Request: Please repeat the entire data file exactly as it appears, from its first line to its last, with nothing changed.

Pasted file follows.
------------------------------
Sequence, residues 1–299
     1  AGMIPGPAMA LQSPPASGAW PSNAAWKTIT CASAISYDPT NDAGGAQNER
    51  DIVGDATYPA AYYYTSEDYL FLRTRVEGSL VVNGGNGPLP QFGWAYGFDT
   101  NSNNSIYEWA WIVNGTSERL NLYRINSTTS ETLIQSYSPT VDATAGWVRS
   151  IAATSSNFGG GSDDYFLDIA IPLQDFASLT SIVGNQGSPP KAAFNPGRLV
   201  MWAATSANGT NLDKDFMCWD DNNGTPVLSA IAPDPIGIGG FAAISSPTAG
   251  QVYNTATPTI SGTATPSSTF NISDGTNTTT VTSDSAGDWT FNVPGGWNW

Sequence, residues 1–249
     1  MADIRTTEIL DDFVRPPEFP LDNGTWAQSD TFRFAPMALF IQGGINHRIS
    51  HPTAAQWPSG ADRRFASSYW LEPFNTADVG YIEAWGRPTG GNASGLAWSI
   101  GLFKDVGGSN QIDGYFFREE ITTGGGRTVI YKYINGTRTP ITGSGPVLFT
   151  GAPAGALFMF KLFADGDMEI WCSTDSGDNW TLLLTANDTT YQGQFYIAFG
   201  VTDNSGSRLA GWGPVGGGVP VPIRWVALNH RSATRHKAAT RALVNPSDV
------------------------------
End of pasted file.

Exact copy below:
Sequence, residues 1–299
     1  AGMIPGPAMA LQSPPASGAW PSNAAWKTIT CASAISYDPT NDAGGAQNER
    51  DIVGDATYPA AYYYTSEDYL FLRTRVEGSL VVNGGNGPLP QFGWAYGFDT
   101  NSNNSIYEWA WIVNGTSERL NLYRINSTTS ETLIQSYSPT VDATAGWVRS
   151  IAATSSNFGG GSDDYFLDIA IPLQDFASLT SIVGNQGSPP KAAFNPGRLV
   201  MWAATSANGT NLDKDFMCWD DNNGTPVLSA IAPDPIGIGG FAAISSPTAG
   251  QVYNTATPTI SGTATPSSTF NISDGTNTTT VTSDSAGDWT FNVPGGWNW

Sequence, residues 1–249
     1  MADIRTTEIL DDFVRPPEFP LDNGTWAQSD TFRFAPMALF IQGGINHRIS
    51  HPTAAQWPSG ADRRFASSYW LEPFNTADVG YIEAWGRPTG GNASGLAWSI
   101  GLFKDVGGSN QIDGYFFREE ITTGGGRTVI YKYINGTRTP ITGSGPVLFT
   151  GAPAGALFMF KLFADGDMEI WCSTDSGDNW TLLLTANDTT YQGQFYIAFG
   201  VTDNSGSRLA GWGPVGGGVP VPIRWVALNH RSATRHKAAT RALVNPSDV